Unless your work is "made for hire," you retain exclusive copyright over your work until copyright protection for the work expires, you transfer one or more copyright rights to another party, or you license another party to make specific use of your work. In order to deposit your work in Digital Commons@Georgia Southern or in your SelectedWorks profile, you must hold copyright for your work or otherwise have sufficient permission from the copyright holder to grant Digital Commons a minimally sufficient license to publish your work.
Digital Commons@Georgia Southern does not knowingly archive or distribute works in violation of United States copyright law or copyright agreements between authors and publishers. In any instance where a work is archived in Digital Commons that violates copyright restrictions, the work will be removed and the contributor notified. All University employees are subject to the University System of Georgia Policy on the Use of Copyrighted Works in Education and Research and the Intellectual Property and Technology Transfer Policy of the University.
For guidance determining whether you have sufficient rights to deposit your work in Digital Commons, please consult the library's article on Author Rights & Self-Archiving. If you hold sufficient rights, please review our licensing recommendations below prior to transferring your work to Digital Commons for archiving and distribution. If depositing your work is not possible due to copyright or licensing restrictions, a citation, abstract, and link to the published version of your work may be added to the repository.
To properly administrate works archived in, and openly distributed from, Georgia Southern University’s open-access institutional repository, including Digital Commons@Georgia Southern and SelectedWorks, Georgia Southern University requires certain permissions from you, the copyright owner or appropriate licensee of any work you submit for inclusion in the repository. You should never submit works for which you do not have sufficient rights or permission to do so.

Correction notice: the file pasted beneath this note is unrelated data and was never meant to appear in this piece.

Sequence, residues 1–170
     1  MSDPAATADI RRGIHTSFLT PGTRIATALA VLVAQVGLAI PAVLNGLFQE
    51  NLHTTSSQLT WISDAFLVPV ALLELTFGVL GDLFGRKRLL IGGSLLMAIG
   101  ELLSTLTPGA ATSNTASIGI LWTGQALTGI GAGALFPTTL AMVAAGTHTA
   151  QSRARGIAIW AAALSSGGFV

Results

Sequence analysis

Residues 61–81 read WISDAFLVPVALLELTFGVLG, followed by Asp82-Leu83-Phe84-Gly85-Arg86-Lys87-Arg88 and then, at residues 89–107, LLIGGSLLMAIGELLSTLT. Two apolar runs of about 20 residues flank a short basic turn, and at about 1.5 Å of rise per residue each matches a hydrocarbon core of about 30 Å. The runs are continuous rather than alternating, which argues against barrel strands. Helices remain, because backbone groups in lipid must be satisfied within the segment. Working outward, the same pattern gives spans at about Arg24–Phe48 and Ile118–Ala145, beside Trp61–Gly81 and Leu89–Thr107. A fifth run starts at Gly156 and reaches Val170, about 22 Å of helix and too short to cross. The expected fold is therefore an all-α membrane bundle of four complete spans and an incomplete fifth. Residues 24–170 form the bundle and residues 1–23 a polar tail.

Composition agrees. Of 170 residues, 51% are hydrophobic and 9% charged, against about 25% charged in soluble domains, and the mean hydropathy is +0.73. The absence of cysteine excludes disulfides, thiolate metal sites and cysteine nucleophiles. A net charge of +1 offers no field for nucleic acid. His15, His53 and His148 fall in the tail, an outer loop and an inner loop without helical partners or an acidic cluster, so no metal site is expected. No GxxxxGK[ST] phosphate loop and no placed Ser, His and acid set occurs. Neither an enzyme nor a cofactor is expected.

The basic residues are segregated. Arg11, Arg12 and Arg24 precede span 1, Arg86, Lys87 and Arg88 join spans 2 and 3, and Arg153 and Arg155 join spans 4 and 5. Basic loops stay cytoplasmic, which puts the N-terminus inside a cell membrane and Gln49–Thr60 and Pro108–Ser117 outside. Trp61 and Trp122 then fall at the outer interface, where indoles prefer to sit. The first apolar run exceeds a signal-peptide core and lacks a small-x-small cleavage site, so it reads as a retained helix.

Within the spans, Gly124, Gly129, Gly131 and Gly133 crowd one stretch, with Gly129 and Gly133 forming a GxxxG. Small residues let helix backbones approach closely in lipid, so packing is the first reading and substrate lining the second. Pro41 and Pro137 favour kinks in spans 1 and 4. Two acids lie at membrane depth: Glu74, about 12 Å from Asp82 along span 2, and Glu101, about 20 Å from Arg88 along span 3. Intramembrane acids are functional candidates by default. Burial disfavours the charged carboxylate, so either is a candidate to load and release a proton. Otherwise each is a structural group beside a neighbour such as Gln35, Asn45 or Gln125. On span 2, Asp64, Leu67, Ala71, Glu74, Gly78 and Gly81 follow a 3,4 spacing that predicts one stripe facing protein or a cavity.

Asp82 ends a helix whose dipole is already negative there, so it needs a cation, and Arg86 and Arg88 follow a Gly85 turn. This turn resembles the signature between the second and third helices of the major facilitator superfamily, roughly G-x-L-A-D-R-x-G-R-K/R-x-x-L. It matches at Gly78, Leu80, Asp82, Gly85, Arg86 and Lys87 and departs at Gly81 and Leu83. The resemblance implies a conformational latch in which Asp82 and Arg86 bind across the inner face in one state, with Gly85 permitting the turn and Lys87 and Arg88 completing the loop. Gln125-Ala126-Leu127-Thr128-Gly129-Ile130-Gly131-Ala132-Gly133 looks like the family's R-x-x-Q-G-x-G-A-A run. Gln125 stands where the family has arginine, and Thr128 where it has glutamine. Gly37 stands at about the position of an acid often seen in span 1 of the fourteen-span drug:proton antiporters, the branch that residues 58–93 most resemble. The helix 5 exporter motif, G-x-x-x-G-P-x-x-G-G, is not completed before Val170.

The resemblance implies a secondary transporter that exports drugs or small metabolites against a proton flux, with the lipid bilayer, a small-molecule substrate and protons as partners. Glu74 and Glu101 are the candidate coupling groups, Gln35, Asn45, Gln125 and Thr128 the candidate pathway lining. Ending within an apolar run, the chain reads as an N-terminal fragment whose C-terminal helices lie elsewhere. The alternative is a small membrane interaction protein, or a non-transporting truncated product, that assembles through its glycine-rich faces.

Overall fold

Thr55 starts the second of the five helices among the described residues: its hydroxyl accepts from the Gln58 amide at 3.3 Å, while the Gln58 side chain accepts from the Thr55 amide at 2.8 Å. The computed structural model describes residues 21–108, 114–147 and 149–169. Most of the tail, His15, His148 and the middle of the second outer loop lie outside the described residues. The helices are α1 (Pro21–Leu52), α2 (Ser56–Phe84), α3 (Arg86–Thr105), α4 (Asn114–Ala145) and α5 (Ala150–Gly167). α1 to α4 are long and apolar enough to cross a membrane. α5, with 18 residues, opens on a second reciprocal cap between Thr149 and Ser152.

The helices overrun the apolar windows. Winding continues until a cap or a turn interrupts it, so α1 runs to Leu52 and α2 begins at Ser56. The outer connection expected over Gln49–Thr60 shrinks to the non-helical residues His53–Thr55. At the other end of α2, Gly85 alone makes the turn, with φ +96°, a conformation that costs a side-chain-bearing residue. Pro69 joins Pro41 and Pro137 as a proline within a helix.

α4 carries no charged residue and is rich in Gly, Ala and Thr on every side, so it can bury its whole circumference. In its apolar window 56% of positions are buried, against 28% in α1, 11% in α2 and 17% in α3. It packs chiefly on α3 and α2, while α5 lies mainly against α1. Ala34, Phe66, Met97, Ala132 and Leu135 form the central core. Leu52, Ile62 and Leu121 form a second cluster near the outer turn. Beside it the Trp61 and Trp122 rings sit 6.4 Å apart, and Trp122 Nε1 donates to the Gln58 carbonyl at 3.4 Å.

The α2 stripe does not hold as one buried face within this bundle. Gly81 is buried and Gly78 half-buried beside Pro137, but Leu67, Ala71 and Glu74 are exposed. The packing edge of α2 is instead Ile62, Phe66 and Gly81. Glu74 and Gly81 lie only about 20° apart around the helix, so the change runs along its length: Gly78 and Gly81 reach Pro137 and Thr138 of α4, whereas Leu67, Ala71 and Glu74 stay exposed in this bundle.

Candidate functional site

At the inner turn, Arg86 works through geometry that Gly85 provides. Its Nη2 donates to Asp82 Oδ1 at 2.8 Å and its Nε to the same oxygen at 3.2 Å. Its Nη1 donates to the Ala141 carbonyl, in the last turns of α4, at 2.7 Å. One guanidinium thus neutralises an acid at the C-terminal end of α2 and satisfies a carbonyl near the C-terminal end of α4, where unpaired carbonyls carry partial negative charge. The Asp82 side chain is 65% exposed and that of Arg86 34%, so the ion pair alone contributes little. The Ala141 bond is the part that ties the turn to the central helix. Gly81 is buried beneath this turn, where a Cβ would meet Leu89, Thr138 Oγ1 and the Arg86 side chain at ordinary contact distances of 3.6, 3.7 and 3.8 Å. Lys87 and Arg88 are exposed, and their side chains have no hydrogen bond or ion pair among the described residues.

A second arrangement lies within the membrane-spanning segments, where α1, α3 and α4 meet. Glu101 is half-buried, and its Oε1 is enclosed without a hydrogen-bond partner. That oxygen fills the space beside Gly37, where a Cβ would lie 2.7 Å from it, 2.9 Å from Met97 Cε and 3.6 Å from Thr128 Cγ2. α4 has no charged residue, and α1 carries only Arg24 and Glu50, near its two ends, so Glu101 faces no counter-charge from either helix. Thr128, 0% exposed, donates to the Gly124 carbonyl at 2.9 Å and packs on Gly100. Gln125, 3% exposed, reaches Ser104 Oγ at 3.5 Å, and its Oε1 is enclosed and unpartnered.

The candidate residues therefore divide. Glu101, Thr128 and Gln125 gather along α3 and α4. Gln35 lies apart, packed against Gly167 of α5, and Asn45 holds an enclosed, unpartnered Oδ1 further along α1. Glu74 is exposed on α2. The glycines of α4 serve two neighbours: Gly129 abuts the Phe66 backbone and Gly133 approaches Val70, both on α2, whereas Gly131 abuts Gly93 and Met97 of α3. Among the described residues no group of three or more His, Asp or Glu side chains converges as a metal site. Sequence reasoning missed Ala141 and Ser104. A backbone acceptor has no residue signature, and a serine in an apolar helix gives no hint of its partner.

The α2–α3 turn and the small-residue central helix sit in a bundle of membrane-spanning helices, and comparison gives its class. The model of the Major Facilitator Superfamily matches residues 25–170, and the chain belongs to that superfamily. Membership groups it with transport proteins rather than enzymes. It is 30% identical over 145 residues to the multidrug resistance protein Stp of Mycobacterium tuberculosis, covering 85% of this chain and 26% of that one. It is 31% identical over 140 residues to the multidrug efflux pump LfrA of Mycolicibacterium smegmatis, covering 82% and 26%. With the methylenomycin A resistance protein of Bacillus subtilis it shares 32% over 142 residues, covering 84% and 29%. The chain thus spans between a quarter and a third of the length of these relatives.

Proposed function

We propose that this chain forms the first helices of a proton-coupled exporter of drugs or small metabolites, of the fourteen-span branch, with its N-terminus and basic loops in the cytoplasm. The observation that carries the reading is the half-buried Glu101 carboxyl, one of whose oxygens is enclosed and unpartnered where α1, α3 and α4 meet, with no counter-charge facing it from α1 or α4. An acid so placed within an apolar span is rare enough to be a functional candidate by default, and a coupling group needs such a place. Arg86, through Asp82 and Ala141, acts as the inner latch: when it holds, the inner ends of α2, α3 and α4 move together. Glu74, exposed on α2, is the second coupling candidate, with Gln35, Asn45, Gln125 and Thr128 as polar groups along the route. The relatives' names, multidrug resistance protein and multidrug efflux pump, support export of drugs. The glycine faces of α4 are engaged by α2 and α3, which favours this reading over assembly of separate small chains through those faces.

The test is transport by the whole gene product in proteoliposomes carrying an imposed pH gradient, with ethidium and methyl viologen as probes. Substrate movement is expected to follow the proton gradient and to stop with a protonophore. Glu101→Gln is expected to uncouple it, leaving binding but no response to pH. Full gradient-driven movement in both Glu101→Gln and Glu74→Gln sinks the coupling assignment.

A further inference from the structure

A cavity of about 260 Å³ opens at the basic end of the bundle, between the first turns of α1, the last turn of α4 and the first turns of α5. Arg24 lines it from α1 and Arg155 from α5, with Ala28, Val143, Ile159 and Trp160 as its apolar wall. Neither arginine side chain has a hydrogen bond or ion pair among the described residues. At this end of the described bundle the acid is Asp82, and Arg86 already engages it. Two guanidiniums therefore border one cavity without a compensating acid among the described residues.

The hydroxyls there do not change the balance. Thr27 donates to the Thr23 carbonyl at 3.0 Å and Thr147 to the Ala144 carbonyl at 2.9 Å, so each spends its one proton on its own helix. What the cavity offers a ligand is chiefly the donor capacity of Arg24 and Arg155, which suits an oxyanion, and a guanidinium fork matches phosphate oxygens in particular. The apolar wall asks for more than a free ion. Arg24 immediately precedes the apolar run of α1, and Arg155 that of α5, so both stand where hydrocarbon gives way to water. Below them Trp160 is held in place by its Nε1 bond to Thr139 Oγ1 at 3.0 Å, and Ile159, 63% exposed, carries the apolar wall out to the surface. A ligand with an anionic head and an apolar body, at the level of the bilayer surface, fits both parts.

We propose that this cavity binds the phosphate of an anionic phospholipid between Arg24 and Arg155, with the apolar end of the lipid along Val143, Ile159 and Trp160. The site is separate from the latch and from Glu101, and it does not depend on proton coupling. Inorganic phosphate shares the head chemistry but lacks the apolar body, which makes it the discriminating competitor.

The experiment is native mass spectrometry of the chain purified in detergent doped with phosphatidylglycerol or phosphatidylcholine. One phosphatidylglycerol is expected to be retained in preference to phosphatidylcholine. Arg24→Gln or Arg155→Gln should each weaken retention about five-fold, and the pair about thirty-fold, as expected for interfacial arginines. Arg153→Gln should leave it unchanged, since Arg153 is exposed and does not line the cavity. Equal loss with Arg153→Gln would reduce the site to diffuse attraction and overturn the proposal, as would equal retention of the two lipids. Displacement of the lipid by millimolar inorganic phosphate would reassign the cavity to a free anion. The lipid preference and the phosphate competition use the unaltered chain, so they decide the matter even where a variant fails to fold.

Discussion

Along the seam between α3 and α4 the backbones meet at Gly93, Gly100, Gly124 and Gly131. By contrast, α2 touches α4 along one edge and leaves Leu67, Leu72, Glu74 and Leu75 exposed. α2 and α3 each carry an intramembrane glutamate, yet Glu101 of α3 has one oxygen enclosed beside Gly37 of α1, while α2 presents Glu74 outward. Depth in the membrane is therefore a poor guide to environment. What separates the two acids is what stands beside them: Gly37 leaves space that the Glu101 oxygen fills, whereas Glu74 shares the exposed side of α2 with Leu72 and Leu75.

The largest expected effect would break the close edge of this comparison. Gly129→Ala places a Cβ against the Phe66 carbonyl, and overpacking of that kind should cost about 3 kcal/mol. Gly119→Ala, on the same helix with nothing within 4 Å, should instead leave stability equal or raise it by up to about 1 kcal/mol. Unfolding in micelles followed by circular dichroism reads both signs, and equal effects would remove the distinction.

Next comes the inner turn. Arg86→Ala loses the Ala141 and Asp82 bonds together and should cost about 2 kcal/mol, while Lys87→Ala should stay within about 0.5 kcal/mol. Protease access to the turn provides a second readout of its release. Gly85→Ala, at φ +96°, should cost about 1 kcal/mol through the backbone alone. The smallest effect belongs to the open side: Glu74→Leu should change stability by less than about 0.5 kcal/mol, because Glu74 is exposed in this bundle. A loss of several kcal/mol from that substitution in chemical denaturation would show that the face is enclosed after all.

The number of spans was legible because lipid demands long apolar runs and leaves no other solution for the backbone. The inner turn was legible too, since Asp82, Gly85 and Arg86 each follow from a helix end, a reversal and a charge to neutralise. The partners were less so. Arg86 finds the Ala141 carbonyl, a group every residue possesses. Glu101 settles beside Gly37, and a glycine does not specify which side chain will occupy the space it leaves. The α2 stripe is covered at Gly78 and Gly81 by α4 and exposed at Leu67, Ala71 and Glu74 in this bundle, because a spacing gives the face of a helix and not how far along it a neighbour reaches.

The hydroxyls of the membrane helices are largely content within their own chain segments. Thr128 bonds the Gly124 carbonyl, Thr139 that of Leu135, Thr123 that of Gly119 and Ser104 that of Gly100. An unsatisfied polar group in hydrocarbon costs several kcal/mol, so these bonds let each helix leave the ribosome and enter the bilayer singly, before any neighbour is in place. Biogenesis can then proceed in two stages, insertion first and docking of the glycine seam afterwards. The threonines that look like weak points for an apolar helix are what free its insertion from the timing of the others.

When you submit a work to the repository, numerous collections/publications will require that you assign a particular reuse license to your work. For example, a peer-reviewed journal published in Digital Commons may require that you assign a Creative Commons Attribution-NonCommercial-NoDerivatives 4.0 International license (CC BY-NC-ND 4.0) to your article as a condition of publication. These collections/publications will note any licensing requirements in their submission agreements.
In most cases, in order to maximize the likelihood that your work will be cited and reused by other researchers, the library recommends that you assign any of the Creative Commons 4.0 International licenses to your work at the time of submission to the repository. If the collection/publication to which you are submitting your work permits you to select your own license, you should see these options in the submission agreement or the submission form.
If the collection/publication to which you are submitting your work neither specifies a required license nor permits you to select your own license, then by submitting your work to the repository, you grant the University a non-exclusive license to publish your work as outlined in the Submission Agreement for Digital Commons @ Georgia Southern.
Of course, in order to accommodate the various needs of copyright holders, the Repository supports archiving and distribution of copyrighted materials under an array of access and reuse licensing options. If the above options do not accommodate your project or licensing needs, the Digital Commons Team can work with you to develop a custom license. All custom licenses developed in collaboration with Repository personnel will be submitted to University Counsel for approval. Contact the Digital Commons Team (email@example.com) with any questions.
For licensing advice particular to data and datasets, see the library’s guide to Basic Intellectual Property Rights in Data Management.
For help, contact the Digital Commons Team at (912) 478-4056 or firstname.lastname@example.org. A member of the Digital Commons Team will contact you as soon as possible during regular business hours.